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Koncert V Praze: In Prague Live

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Tracklist

1. Ring Of Fire (Live)
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2. Folsom Prison Blues (Live)
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3. I Still Miss Someone (Live)
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5. Cowboy Medley: I Ride an Old Paint / The Streets of Laredo (Live)
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6. Sunday Mornin’ Comin’ Down (Live)
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7. I Walk the Line (Live)
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8. Last Date (Live) (Earl Poole Ball)
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9. City of New Orleans (Live)
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10. Railroad Medley: Hey, Porter / Wreck of the Old 97 / Casey Jones / Orange Blossom Special (Live)
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11. Wabash Cannonball (Live)
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12. Wabash Cannonball (Conclusion) [Live]
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Johnny Cash’s Koncert V Praze (In Prague—Live) remains one of the most curious entries in The Man in Black’s discography. Conceptually, it was none too different from the family-style show Cash had delivered audiences for years, with instrumental accompaniment from The Tennessee Three and vocals from members of The Carter Family. Even the track list, 11 songs culled from the most beloved selections in Cash’s catalog (“Ring Of Fire,” “I Walk The Line,” “Folsom Prison Blues,” the Kris Kristofferson-penned “Sunday Morning Coming Down”), was a broad overview of Cash’s greatest hits in a live context.

But Koncert V Praze was a rare example of a Western performer putting on a show behind the Iron Curtain—in this case, the capital of Czechoslovakia, which had become a Communist state shortly after the end of World War II. Recorded in 1978, Koncert V Praze wouldn’t be released in the country until 1983, when it was briefly pressed on the native classical label Supraphon. Most hardcore Johnny Cash fans weren’t aware of its existence until much later, when it was released in Legacy’s The Complete Columbia Album Collection box set in 2012. (A subsequent reissue on “Soviet red” 180-gram vinyl, for Record Store Day 2015, was a collectible smash hit.)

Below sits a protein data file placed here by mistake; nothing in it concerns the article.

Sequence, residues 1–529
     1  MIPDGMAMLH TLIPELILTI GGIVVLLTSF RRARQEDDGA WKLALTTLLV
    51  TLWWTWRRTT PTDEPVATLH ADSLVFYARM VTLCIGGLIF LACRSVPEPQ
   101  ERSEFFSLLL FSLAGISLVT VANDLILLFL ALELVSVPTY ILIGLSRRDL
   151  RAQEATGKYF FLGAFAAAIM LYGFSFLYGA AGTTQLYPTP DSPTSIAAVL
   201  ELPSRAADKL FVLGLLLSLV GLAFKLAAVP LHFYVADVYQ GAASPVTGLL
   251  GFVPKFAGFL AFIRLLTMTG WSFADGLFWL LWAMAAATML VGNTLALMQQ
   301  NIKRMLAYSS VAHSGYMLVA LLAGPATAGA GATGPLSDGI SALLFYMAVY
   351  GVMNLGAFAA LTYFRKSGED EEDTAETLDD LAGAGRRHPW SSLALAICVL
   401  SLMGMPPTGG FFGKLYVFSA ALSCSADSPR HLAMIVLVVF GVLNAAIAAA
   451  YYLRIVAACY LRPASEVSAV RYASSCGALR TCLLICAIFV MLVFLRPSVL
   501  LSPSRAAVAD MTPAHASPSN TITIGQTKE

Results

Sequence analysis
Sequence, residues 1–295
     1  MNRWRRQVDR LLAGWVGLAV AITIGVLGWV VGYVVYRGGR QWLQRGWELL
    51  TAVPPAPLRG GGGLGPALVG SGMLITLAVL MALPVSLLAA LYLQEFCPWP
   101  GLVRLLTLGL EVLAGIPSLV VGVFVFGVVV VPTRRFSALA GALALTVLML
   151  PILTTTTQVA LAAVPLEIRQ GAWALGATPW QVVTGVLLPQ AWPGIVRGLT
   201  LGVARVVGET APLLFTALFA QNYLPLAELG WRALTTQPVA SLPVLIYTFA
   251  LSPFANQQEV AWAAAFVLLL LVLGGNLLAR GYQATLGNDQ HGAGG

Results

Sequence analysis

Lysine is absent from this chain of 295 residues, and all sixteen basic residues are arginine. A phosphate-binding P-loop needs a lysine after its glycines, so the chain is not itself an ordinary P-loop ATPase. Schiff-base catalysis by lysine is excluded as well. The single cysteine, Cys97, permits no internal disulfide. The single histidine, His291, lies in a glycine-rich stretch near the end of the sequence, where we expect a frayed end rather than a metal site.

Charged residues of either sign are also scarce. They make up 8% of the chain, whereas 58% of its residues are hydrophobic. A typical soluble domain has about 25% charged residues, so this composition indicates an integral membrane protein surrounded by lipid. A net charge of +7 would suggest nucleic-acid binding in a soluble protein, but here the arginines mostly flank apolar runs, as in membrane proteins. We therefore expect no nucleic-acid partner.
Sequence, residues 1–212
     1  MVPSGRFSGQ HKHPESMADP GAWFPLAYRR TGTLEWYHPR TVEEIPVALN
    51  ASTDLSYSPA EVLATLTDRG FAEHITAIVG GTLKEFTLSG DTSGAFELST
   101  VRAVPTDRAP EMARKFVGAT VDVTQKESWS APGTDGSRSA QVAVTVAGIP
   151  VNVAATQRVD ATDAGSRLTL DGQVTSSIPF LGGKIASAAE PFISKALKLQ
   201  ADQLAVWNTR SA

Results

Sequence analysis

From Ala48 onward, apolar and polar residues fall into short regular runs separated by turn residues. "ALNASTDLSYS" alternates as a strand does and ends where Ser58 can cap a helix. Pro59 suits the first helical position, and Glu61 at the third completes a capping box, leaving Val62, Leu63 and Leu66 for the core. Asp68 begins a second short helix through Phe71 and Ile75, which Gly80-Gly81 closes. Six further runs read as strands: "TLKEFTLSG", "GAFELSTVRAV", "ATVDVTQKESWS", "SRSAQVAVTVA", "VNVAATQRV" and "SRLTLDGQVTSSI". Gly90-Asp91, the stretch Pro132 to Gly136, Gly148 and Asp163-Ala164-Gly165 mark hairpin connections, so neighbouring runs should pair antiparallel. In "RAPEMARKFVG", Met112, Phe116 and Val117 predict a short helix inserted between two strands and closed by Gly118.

For Rosanne Cash, who was performing with her father that night, it remained a memorable experience from start to finish. “I think he didn’t know what we were getting into—but [the people of Prague] knew him,” she recalled in an interview conducted earlier this year. “It was packed, thousands and thousands of people. There were police walking through the aisles during the concert, and if someone got too excited the police would tap them. They didn’t want to give the impression that people were thrilled to have this Western artist there.”

Indeed, the audience was excited to experience Cash in person. For years, he’d been a symbol of rebellion and freedom to countless fans around the world; in a time and place where thoughts and actions were strongly policed, Czech natives could see Cash and believe they could enjoy the freedoms Cash espoused. Indeed, the Los Angeles Times reported that Cash was approached by a Czech immigrant at a meet-and-greet before a 1986 performance in California who’d attended one of the four sold-out shows in Prague eight years prior. “You mean, for us, freedom in the West,” the man would tell Cash.

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